Milne's world-renowned cartography overlapped with Bell's time in London with the Royal Geographic Society; Bell and Milne were well acquainted, and her early travels – through the Levant and Western Asia – were accurately mapped by Milne.
In November 1915, Bell was summoned to Cairo to work at the newly created Arab Bureau; however, previously she had traveled extensively through this region and these newly discovered maps represent the only known depiction of her travel routes.
The maps, wadis, buttes, peaks, plains and archaeological sites were represented by Milne to such an accuracy that these same tracks could be retraced today.
“This is indeed a most exciting discovery,” said Mark Jackson, head curator of the Gertrude Bell Collection and Archives at Newcastle University. “The RGS in London has her fieldnotes and books, but they do not include maps. This is a significant find in Levantine exploration history."
The elaborate tracing papers found with these maps represent the conventional layers used by cartographers (then paper, now digital) of hydrographic, hypsometric (elevations), nominal (place names), sites of interest, and routes.
“The accuracy of the locations, features, names, elevations and latitude-longitude is remarkable for the period and indicates that these maps were being readied for publication at the time they were obtained or given to the Explorers Club,” Paradise said.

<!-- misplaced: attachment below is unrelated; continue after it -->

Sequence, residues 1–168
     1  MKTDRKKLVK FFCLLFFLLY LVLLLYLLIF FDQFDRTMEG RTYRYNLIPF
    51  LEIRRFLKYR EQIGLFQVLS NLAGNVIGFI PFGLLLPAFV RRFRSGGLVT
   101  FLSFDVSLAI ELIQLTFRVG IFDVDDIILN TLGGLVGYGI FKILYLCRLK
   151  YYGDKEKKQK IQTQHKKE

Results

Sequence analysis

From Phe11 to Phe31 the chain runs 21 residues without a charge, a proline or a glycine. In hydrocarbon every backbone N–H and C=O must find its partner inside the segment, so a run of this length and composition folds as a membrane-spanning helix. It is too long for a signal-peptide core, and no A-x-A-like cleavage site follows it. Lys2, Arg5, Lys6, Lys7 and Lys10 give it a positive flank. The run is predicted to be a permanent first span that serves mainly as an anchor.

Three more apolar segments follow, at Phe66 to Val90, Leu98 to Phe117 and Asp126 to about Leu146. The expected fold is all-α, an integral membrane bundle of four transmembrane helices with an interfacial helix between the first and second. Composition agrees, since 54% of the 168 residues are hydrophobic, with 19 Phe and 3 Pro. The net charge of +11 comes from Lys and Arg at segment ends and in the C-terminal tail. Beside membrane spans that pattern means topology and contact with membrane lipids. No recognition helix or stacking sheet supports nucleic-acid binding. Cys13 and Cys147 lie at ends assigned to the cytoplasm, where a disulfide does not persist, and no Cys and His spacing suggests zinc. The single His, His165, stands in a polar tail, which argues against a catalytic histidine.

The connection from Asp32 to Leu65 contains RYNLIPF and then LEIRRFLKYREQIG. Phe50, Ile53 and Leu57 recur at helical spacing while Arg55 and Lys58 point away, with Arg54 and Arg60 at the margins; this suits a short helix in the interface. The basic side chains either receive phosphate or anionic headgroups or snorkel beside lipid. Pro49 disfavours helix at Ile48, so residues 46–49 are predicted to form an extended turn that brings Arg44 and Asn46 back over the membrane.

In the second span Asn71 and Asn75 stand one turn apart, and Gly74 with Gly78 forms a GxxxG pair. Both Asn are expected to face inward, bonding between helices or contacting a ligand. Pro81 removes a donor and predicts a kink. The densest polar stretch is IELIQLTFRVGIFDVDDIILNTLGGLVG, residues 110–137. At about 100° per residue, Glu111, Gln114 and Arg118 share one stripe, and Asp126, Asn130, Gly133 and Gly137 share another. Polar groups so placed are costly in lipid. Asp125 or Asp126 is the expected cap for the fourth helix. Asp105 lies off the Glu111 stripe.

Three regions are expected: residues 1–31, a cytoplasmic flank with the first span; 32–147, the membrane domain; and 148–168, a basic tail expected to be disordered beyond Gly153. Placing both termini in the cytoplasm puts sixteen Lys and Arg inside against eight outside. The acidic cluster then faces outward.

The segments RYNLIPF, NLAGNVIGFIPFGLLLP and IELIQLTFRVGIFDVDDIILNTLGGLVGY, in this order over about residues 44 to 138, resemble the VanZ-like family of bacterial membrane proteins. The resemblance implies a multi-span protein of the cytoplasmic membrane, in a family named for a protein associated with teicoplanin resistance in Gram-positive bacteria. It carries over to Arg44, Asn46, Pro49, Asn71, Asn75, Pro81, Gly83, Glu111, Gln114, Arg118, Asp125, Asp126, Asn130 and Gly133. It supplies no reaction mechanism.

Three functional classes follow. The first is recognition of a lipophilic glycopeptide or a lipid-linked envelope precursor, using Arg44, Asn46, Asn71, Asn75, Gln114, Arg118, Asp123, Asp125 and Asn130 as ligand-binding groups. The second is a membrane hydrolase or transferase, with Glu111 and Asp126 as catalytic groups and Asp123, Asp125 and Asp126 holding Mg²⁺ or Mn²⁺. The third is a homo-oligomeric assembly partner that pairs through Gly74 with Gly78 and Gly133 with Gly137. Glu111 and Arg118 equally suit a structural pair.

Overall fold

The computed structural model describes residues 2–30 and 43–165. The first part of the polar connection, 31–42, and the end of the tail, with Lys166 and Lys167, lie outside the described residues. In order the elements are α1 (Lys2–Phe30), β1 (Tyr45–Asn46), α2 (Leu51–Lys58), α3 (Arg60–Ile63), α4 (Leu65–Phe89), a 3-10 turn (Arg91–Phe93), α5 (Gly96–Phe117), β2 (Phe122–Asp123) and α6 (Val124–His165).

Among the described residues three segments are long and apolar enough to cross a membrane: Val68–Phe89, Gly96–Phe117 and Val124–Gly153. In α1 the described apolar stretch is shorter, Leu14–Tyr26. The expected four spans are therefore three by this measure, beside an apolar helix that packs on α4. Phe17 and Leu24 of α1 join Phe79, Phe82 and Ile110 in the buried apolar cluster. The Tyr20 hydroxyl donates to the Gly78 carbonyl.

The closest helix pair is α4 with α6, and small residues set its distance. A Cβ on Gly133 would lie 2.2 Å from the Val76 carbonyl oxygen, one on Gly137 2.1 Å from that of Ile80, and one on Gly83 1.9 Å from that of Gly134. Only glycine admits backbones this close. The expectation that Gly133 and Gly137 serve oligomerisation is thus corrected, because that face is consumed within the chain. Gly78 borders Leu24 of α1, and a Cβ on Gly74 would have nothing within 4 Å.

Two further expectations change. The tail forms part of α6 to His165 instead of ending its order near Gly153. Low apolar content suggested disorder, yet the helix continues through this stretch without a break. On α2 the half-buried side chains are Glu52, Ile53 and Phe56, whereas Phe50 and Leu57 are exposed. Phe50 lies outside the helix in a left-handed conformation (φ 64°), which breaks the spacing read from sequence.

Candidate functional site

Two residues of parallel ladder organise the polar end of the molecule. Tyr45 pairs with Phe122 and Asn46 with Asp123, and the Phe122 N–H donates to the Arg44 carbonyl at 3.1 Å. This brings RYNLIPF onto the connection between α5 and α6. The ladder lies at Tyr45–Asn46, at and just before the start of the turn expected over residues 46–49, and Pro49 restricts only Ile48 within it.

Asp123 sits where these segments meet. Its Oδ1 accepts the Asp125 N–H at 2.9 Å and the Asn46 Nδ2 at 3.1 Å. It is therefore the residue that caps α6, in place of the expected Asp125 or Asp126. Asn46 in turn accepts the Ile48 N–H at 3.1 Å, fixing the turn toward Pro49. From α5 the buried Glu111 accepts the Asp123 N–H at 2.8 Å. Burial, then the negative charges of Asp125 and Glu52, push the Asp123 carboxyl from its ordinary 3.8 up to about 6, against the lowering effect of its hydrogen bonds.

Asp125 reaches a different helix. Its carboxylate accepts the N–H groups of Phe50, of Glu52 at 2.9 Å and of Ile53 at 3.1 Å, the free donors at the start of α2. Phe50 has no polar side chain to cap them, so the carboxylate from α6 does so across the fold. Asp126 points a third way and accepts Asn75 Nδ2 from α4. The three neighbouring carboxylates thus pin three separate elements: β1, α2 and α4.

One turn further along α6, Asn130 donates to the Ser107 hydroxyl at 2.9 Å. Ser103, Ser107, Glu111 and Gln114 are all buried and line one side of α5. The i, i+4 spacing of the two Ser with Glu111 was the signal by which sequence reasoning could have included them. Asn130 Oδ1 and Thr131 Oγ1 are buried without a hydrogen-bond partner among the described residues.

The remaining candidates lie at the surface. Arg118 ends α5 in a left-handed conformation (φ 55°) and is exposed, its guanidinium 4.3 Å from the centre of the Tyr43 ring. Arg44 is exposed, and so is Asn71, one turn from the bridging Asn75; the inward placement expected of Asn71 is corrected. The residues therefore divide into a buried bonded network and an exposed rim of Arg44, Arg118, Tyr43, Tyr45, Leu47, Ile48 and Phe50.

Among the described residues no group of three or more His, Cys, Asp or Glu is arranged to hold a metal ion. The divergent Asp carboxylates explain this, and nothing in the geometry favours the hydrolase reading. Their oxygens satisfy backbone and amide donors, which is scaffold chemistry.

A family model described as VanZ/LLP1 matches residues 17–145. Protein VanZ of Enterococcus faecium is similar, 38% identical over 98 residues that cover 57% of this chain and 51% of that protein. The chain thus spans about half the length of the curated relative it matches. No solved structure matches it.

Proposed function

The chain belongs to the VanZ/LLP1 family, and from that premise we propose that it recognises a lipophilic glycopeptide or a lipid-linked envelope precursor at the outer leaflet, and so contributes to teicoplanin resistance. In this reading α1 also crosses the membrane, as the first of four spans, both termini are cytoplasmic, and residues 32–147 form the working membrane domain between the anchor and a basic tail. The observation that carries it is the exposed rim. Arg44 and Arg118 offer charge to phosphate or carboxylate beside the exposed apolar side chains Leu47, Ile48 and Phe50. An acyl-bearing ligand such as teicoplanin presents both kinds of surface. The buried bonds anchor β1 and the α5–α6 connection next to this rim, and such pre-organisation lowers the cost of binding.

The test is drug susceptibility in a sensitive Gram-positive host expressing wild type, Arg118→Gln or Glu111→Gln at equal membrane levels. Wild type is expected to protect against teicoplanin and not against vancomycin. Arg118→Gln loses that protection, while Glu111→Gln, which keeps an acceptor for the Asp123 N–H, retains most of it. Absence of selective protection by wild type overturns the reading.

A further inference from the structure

“[These discoveries] are nothing short of transformative for our extensive and unique map collection,” said Lacey Flint, the Explorers Club’s chief archivist. “This work uncovered hidden gems that hadn't been seen or handled in nearly a century.”
Paradise contacted the cartographic specialists at Christies and Sotheby's auction houses in New York and London for appraisals of the maps’ value. He said these experts described the maps as unique and representing the "holy grail" to map collectors. The experts told Paradise that auction bidding could easily fetch values exceeding six digits in a specialized map sale.
About Tom Paradise: Paradise has been a professor in the Department of Geosciences since 2000, in addition to having previously served as director of the King Fahd Center for Middle East Studies from 2005-2010 and again from 2015-2017. He has conducted research in the Middle East and North Africa since 1990, however, it is his work on Petra's architecture, geography, geology and history that has been most recognized, having been published in more than 50 papers, reports, chapters, and books. In addition, Paradise's work has been showcased on television including PBS' NOVA, Smithsonian, Discovery, NatGeo and Travel Channel specials. Paradise continues to conduct research in Petra with students, and to act as a consultant for a number of film and TV show creators, producers and writers on the topic of "Petra, the rose-red city half as old as time."
About the Explorers Club: Founded in 1904 in New York City, the Explorers Club promotes and supports the scientific exploration of land, sea, air and space by sponsoring research and education in the natural, geographic and biological sciences, cultural documentation, and humanitarian support and outreach. Founded by President Theodore Roosevelt in association with Great Britain's Royal Geographic Society (est. 1830), and the Sierra Club (est. 1892), the Explorers Club includes a worldwide membership of men and women who were “first to the North Pole, first to the South Pole, first to the summit of Mount Everest, first to the deepest point in the ocean, and first to the surface of the moon.”
A version of this story also appeared in the Fulbright REVIEW.